Last year, we celebrated Thanksgiving in Glasgow. I already knew it would be difficult to get a turkey, as they don’t appear in the local shops until close to their traditional starring role as Christmas dinner.
But I heard about an organic turkey farm in Scotland, so I put the address into my phone Sat-Nav and headed out. Soon I was deep in the Scottish countryside, admiring a field with adorable ponies grazing in it, but worried about the fact that my phone wasn’t picking up any signals. By about the tenth time I passed that same field, the ponies weren’t nearly as attractive, so I switched to traditional navigation. In Scotland, that means by pub: “Easy as kin be. Tak’ a pointy caw afore ye come tae th’ Prince’s Bonnit, then seicont left efter whaur th’ Three Cygnets used tae be ‘n’ up th’ brae tae th’ third track efter th’ Drum ‘n’ Thistle. Deid oan pest th’ Pipers Caa’ tae th’ wee road oan th’ left. Ye cannae miss it.”
By a miracle, I eventually found the farm just as they were getting ready to close up for the day. The shop attendant pointed out my waiting bird. I pointed out the fact that said bird was still breathing. After a little more negotiation (and much, much ££’s changing hands), I was carrying the freshly de-headed (and de-feathered and de-footed) bird to my car. That’s when the rest of the free-ranging flock caught sight of me.
I think they were gobbling, “Get her. She’s killed Mabel!” but I didn’t stop to ask as I sprinted for the car, turkeys in hot pursuit. I made it home without further turkey casualties, and dinner was spectacular. But this year I’m thinking…tofu.
Still, as I’m heading back to Scotland from my visit across the pond, I’m thankful that I have a Thanksgiving blog from a few years ago to repost. We were living down in England at the time—
Somehow I don’t think the Pilgrims did it this way…
In Norman Rockwell’s Thanksgiving, Mom brings out the turkey, while Dad stands by proudly ready to carve the bird. Family and friends line the table, beaming with delight.
If Norman had been painting our Thanksgiving starting that morning, the picture would have shown me getting up before dawn (don’t be impressed – here in the north of England, that could be any time before about 9:00AM) because the dog was having a fit in the kitchen. The vet calls it canine epilepsy, but our daughter says we’re just getting Peculiar – living in part of a castle with a dog who has fits. Next, the painter could have included the soapy water flooding the kitchen from our washer, which is (like the dog) also prone to fits. The picture wouldn’t be complete without Turkey Tom, knocked to the floor by the dog and floating serenely through the chaos, his naked splendor emerging as he shed his layer of dry-brine among the soap suds.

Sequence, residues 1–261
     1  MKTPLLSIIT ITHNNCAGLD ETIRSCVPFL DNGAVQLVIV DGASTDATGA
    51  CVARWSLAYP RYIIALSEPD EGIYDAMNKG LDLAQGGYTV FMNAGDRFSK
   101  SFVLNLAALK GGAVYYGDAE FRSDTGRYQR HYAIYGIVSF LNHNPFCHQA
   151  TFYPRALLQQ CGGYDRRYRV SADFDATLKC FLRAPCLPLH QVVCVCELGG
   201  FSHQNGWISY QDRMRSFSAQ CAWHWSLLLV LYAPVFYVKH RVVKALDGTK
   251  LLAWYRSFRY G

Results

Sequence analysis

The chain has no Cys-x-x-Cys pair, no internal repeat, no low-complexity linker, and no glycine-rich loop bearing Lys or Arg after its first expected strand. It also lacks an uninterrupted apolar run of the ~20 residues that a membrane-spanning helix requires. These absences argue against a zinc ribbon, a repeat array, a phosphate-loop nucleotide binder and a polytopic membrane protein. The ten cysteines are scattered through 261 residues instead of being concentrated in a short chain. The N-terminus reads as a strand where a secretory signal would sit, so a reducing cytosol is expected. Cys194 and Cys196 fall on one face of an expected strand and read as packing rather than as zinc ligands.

Since Thanksgiving basically celebrates the Pilgrim’s successful escape from England, it is not surprisingly an under-observed feast here in the United Kingdom.
Although I ordered Tom weeks in advance, I got a phone message last week from the Farm Shop containing a heartfelt apology for the mistake in my order. Seems someone had accidentally put in an order for the middle of November, but I was not to worry: they had cancelled that order and I could pick up my Christmas turkey by Christmas Eve like the rest of the population of England. With visions of serving chicken to the dozen guests I’d invited to our traditional American Thanksgiving, panicked phone messages were exchanged. Tom was back as guest of honor, although when I went to pick him up, everyone poured out to see The American who eats her Christmas dinner in November.
While my husband shuttled kids from the train station, I used every towel in the place to soak up the flood, and then coaxed the washer back to life. As each university student arrived, she was handed a peeler and put to work on the mountains of potatoes and apples. By that evening, Norman Rockwell would indeed have seen a dozen faces admiring Tom’s (very clean) golden brown perfection.
And if Rockwell had hung around past the initial turkey shredding, he could have seen the delighted dog sitting next to what was left of the giant deep-dish apple pie meant for dessert. She was so thankful for the gift from the pie-angels. I’m thankful for wonderful family and friends who insisted the chocolate icecream dug out of the bottom of the freezer was the perfect end to such a traditional American Thanksgiving.